The Student Newspaper of Poly Prep Country Day School

The Polygon

The Student Newspaper of Poly Prep Country Day School

The Polygon

The Student Newspaper of Poly Prep Country Day School

The Polygon

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“A Day of Duality”: Celebrating Haitian Independence Day

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VIA CREATIVE COMMONS

For me, January 1 is a day of pumpkin soup. While this may seem like an uncommon way to begin the New Year, it is actually how most Haitian individuals celebrate. On January 1 of 1804, Haiti gained its independence and became a free republic after a revolution that spanned around 13 years, making Haiti the first black republic in the world. 

So where does the soup fit into this? During French colonial rule of Haiti, enslaved peoples had to grow and cultivate squash, a crop that was abundant in Haiti. This squash was then used to make a soup, called soup joumou, that was to be eaten solely by the French. By forbidding the Haitians to imbibe and enjoy the soup joumou, the French reinforced the oppressive hierarchies that the Haitians were subjected to during the 17th and 18th centuries. 

Being able to celebrate Haitian Independence Day with my family and drink soup joumou, a dish that my ancestors were prohibited from having, is a fortifying experience. Different families have different iterations of the soup, depending on what part of Haiti they are from or what their personal preferences are (my family likes pumpkin). However, I believe that the purpose and intent behind the tradition remains the same, regardless of the soup you use to commemorate it with.

Haitian Independence Day is also a day of acknowledgment. Acknowledging the revolutionaries, like Toussaint Louverture, who made Haiti’s independence possible, acknowledging Haiti’s rich and complex history, and acknowledging my own Haitian heritage. Living in the United States my whole life and being constantly surrounded by American culture has created distance between me and my Haitian ancestry, especially since the story of Haiti and stories of Haitians are rarely depicted in film and the media. I take immense comfort in knowing that there will always be at least one day a year, every year, where my culture is something that I can spend the whole day celebrating.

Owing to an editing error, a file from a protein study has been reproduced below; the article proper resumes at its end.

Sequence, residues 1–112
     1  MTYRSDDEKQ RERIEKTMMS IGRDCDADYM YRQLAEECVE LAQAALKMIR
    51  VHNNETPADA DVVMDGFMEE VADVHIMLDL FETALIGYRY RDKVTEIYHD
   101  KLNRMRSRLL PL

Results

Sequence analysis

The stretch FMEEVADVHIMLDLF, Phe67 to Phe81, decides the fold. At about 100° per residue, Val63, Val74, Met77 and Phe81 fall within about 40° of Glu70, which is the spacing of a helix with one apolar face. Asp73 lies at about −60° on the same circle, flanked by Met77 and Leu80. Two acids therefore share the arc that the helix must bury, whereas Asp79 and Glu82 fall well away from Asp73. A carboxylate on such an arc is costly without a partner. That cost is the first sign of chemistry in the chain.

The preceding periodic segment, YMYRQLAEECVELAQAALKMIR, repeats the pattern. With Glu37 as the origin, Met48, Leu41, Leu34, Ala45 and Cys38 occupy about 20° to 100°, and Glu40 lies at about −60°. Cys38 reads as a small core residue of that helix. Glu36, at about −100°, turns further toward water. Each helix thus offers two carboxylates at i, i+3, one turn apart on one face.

Even though I spend a great deal of January 1 celebrating Haitian Independence Day, I still partake in traditional New Year’s traditions, making it a day of duality. To some degree, the  mixture of traditions I partake in on January 1, some American, like watching the ball drop, and some Haitian, like drinking soup joumou, represents my experiences as a Haitian-American. I identify with both American and Haitian culture; I appreciate American English and Haitian Creole, I associate red, white, and blue with both Haiti and the U.S, and on New Year’s Day I imbibe in both apple cider and soup joumou.

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About the Contributor
Brianna Sylvain, Arts Editor
After joining the Polygon in sixth grade Brianna Sylvain is excited to step into her new role as one of the Arts Editors of the Polygon. Brianna has been Middle School Editor for the last two years and during that time has written about food changes at Poly, new staff, and the Middle School’s sneaker preferences. When she isn’t writing away or going to Polygon meetings, Brianna also swims competitively, plays with Poly’s string ensemble, and dances. Outside of school, you can find Brianna listening to music or a  podcast, watching Suits, or spending time with family. 

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